Be careful where you pay for parking on Auckland's waterfront - putting your money in the wrong machine could land you with a hefty fee.

The viaduct hosts a mix of public and private parking options which are sometimes side by side.

Muddled motorists paying at a nearby council pay machine while parking in a private car park could get stung with a parking ticket.

That's what happened to Russell Phillips, who was lumped with a $65 fee last Thursday when he left his car at the viaduct's fish market in the CBD.

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While the Herald was at the car park with Phillips this morning, he directed three other people away from the council machine after confusing it for the car park's.

Last week Phillips paid for several hours' parking and despite returning well before his limit was up, a ticket had been tucked under his windscreen wiper.

Phillips had accidentally paid for his parking at a nearby Auckland Transport (AT) machine - not the machine owned by the private company managing the car park he was parked in, Parking Enforcement Services.

Phillips said this was much closer than the machines operated by Parking Enforcement Services, which were on the far side of the parking lot.

The distinction between the two wasn't made clear enough, he said.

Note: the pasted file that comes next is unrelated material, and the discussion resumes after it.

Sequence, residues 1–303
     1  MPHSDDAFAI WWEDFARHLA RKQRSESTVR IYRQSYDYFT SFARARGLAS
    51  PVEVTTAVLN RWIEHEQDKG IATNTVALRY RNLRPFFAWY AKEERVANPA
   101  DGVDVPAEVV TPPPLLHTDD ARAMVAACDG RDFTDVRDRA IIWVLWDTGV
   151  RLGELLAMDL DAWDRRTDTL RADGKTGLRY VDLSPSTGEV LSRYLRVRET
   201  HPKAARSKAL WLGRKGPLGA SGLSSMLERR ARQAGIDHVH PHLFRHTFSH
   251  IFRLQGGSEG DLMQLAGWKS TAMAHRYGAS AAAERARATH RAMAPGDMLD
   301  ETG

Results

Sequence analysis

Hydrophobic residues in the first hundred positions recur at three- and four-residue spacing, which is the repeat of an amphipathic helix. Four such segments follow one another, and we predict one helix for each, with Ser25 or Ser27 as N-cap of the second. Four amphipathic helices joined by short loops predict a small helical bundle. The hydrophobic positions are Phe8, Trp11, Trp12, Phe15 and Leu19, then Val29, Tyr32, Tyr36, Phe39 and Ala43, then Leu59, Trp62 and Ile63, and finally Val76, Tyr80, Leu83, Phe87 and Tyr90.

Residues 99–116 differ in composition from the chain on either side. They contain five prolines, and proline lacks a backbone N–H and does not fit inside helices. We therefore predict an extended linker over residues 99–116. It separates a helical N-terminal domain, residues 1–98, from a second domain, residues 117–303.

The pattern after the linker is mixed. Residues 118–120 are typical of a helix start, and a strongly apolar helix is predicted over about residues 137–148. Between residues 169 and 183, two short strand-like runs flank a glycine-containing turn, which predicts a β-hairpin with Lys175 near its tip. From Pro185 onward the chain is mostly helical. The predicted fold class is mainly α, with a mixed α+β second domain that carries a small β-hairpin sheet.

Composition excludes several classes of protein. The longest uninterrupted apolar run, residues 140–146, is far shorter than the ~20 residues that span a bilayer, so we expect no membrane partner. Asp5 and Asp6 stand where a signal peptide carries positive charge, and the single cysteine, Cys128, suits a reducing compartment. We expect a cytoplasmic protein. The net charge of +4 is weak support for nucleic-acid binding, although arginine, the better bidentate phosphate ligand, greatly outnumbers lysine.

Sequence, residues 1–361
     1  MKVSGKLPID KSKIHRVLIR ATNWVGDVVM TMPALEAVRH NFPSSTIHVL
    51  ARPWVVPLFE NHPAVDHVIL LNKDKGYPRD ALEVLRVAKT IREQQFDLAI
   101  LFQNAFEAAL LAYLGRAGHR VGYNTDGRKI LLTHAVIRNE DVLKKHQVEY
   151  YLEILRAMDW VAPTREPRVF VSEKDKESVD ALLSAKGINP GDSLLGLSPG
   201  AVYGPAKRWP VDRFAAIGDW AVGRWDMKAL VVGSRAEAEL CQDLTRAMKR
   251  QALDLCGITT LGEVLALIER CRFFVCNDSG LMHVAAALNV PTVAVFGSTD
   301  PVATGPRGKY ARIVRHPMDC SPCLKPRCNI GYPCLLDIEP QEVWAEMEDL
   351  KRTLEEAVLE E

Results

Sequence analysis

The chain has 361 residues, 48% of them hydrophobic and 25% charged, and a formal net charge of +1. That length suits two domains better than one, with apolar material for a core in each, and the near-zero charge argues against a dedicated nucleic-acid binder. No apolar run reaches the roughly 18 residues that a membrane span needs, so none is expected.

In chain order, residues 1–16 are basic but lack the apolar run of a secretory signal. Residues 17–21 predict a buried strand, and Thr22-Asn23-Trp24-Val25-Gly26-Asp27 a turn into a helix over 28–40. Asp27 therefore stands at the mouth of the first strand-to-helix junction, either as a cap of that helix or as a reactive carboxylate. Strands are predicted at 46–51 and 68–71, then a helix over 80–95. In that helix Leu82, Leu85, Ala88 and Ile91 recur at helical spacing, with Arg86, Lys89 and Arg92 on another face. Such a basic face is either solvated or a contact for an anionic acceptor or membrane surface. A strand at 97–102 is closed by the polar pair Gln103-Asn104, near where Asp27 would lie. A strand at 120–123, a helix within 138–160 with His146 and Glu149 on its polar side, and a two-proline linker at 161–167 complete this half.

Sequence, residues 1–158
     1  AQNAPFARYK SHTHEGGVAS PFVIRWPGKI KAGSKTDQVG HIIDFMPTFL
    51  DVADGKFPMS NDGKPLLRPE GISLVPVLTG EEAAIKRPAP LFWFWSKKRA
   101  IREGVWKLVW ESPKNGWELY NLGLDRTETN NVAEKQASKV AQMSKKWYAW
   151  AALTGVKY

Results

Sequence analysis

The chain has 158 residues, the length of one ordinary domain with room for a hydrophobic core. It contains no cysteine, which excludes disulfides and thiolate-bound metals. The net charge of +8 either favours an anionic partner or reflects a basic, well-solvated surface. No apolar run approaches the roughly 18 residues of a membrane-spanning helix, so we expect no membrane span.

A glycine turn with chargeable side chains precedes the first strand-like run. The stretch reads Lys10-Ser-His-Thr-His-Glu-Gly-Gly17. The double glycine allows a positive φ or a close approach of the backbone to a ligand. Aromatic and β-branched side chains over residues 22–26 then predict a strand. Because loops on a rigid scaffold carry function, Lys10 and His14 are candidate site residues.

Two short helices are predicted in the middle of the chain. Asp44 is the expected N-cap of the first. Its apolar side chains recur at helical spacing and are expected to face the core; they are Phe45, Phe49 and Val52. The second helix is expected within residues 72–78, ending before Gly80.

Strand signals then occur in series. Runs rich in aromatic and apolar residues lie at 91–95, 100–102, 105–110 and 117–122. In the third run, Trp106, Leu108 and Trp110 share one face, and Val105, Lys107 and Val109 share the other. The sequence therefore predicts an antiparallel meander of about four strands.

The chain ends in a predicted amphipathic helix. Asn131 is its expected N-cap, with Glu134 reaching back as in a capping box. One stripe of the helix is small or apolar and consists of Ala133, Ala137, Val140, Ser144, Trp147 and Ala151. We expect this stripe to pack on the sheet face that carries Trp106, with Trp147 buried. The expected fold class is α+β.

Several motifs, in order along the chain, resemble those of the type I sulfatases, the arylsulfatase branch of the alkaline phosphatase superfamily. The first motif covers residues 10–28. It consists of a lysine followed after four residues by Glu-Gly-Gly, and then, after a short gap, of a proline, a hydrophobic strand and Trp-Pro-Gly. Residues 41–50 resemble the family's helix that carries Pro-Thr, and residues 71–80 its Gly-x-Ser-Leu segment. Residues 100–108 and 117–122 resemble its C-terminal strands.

NZ Herald graphic
NZ Herald graphic

"The nearest pay station ... was marked with dark blue writing on it and so were the signs in the Auckland fish market, so it seemed to be the correct place to pay."

It was more about the principle than the money, Phillips said.

"If this had been a little old lady in her 80s on a pension it'd be pretty unfair."

Parking Enforcement Services is a division of Wilson Parking, whose spokeswoman said they would waive Phillips' fee after being approached by the Herald.

"Sometimes people pay at the wrong machines and yes we are lenient.

"We will work with the owners of this site to improve signage requirements and will, on this occasion, waive this notice."

AA spokesman Mark Stockdale said he was aware of incidents like this happening from time to time and agreed more could be done to make the correct point of payment clearer.

"Sometimes it's not obvious to tell the difference. People see one parking machine and think it belongs to the other car park. There needs to be greater differentiation between them."

Fencing and clear signage on the road, on a notice when entering the car park and on the machines themselves were all options for clearing up confusion, he said.

"All that stuff helps because there is confusion."

AT media spokesman Mark Hannan disagreed.

"I can't see why anyone would be confused, there's quite a lot of signage in that private car park," Hannan said.

As well, the signage at the car park was not in the style Auckland Transport used.

"The responsibility falls back on the person," he said.

"It's quite clear it's not Auckland Transport parking."